Saturday, June 14, 2008

Rescuing Books in Flooded Iowa

Andrea Melendez / The Register

Beth Westlake, a University of Iowa graduate student, passes a book up the stairs to another volunteer. From Nietzsche's controversial works on the concept of supermen to volumes on Judaism and Islam, thousands of books were salvaged from the university's Main Library basement by lines of hundreds of professors, students and other volunteers.

Amidst the natural disaster that is doing so much damage in parts of the country right now, this kind of story still manages to give me faith that people are equal to whatever task thrown at them and that good people will always band together in ways that you might least expect. This story comes from the Des Moines Register.
In all the statewide stories of heroism, it would be hard to find more passion than in the snaking line going up the steps of the Main Library at the University of Iowa on the banks of the flooding Iowa River.

Hand over hand; all man's ideas were handed. Philosophy and theatre, science and religion. Books rising from the basement to a higher level.

A student handed to a professor to a fresh-faced child.
Librarians have been moving books from the basement all week — only copies of manuscripts and theses. But when they heard the news Thursday that the river was going to rise higher than expected, they put out a call for help.

"All of the sudden, 'whoosh' all these people showed up," said Nancy Baker, university librarian. "This is where it shows up for people, library books. They are very powerful for people. Many things can be replaced but not some of these books."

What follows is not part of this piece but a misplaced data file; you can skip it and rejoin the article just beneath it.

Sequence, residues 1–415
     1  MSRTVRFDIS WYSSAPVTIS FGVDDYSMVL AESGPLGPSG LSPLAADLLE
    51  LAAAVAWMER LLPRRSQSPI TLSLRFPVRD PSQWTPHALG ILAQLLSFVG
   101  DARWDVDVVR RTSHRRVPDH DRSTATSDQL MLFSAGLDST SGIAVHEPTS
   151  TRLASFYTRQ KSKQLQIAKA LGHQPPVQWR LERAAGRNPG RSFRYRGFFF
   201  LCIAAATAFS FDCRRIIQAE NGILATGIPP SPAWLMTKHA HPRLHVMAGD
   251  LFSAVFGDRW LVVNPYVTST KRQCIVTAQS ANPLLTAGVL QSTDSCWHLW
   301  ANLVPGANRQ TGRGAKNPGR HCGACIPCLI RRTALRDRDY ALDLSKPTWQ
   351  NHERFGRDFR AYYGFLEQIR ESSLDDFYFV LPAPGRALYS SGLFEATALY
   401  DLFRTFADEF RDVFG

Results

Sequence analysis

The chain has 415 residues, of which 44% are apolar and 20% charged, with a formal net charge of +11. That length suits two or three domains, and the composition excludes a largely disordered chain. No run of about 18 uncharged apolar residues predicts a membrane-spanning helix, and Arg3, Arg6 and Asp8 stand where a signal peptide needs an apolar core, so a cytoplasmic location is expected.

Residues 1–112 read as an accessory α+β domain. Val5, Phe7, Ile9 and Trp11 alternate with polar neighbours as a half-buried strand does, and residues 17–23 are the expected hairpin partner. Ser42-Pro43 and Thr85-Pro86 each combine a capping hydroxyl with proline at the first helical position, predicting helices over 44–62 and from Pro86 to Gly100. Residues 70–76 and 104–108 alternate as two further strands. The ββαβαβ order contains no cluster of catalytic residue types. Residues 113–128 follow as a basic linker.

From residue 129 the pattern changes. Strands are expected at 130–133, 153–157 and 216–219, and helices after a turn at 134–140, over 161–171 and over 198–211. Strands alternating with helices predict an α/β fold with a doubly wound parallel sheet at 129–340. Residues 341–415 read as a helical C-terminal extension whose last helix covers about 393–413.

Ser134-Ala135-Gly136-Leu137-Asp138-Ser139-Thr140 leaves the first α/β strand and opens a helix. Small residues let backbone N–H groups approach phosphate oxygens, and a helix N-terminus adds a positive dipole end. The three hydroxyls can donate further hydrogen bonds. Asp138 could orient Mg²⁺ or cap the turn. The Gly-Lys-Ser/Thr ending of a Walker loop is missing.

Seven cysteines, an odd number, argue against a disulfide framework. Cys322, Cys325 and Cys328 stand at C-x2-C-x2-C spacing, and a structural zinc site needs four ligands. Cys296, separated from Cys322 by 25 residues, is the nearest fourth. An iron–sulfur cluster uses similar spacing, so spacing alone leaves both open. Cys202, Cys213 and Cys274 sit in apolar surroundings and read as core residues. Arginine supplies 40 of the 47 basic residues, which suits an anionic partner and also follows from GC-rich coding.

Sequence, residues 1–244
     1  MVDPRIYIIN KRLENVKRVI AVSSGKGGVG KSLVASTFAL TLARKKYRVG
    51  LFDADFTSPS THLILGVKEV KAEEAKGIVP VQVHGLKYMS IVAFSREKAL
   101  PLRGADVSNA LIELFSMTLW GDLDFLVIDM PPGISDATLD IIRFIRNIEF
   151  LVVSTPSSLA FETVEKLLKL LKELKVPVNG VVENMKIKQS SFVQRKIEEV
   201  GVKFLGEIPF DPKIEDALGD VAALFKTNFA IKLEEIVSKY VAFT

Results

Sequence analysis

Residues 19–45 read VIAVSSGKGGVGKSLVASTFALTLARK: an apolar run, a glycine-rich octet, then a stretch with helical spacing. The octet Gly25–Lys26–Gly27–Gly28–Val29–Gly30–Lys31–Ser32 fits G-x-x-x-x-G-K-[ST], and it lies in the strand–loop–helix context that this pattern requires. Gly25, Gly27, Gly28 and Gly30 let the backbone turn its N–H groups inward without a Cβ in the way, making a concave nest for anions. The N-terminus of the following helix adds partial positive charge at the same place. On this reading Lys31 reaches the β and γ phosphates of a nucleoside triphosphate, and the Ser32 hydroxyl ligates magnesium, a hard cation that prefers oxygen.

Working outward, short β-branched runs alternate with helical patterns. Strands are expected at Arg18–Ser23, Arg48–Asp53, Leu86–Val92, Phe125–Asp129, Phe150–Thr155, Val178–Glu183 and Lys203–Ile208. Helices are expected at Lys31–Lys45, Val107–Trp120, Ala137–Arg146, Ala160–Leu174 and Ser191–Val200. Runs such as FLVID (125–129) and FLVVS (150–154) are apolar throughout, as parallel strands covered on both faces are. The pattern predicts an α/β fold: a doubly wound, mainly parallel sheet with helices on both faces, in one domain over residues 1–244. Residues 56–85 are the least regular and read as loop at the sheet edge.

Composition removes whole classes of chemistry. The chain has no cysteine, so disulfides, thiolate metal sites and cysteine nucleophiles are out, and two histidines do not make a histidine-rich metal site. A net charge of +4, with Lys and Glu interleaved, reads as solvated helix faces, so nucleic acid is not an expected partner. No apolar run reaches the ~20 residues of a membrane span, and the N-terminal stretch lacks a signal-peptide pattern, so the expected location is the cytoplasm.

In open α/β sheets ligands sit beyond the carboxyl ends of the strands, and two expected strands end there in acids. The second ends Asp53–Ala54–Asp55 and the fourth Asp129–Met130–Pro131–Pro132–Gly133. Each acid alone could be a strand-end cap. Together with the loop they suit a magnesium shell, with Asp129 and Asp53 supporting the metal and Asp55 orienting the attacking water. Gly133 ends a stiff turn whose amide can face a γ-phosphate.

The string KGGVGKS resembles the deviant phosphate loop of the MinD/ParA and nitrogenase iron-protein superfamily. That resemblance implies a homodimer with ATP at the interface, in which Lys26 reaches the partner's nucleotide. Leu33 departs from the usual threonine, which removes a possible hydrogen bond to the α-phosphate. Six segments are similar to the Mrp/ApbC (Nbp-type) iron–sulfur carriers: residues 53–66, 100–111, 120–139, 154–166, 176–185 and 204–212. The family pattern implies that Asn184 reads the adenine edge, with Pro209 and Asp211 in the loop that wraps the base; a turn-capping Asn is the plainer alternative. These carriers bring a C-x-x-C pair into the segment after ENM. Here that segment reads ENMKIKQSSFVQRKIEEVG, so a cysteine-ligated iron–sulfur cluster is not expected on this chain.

Many are out of print, books dating back to the 1800s or older that have been stacked in the basement for generations — called special collections — while so-called "rare" books are already on higher ground.

"We are a research library, the big library in Iowa. We provide the whole state with education and research. Some of these books you can't just get another copy," Baker said.

As the hour approached quitting time at 5 p.m., when all operations were ordered to halt and volunteers evacuate the building, hands moved faster and faster.

One stack was emptied every 20 minutes.
It was over. People groaned. They begged to go on.

Hold on. Librarians announced to cheers that they could stay until 9 p.m. to save more books. Floodwaters would not steal great thoughts. Not here.
So these books will live on to speak to another few generations of scholars, researchers and readers. Beautiful.


  1. What a great story! Who knew that in this day and age when people supposedly no longer care to even read a book that such a large effort to save books would be mounted! It's so refreshing to hear news like this, thanks. =)

  2. This story makes my librarian heart sing. :)

  3. I wish I could've been right there with them. This story makes me want to be re-patriated in Iowa!

  4. That's fantastic. It warms my heart to know so many people stepped in to save the books!

  5. Meagan, books, and book people, are special, I think. This is the kind of thing I've come to expect from book lovers.

  6. Maggie, glad to hear it. Did it really surprise you, though? I think that libraries are just sacred places to real book lovers and that they will step forward to do this kind of thing at the drop of a hat.

  7. Me, too, bybee. I would have been in that line somewhere, beyond a doubt, if I had been around those parts.

  8. I feel the same way, Jeane; it all confirms my faith in book people...and in people in general.

  9. my cynical, sarcastic side just got a beat down. I got all teary eyed reading this. thanks for posting it!

  10. Same here, Melanie...the story made my whole day when I found it.


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